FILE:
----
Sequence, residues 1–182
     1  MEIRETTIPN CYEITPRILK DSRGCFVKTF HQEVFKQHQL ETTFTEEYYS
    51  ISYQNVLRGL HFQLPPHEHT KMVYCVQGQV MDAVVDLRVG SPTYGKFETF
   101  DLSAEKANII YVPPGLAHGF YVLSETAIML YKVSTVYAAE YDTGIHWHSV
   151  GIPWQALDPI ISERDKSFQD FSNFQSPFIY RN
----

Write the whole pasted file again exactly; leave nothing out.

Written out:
Sequence, residues 1–182
     1  MEIRETTIPN CYEITPRILK DSRGCFVKTF HQEVFKQHQL ETTFTEEYYS
    51  ISYQNVLRGL HFQLPPHEHT KMVYCVQGQV MDAVVDLRVG SPTYGKFETF
   101  DLSAEKANII YVPPGLAHGF YVLSETAIML YKVSTVYAAE YDTGIHWHSV
   151  GIPWQALDPI ISERDKSFQD FSNFQSPFIY RN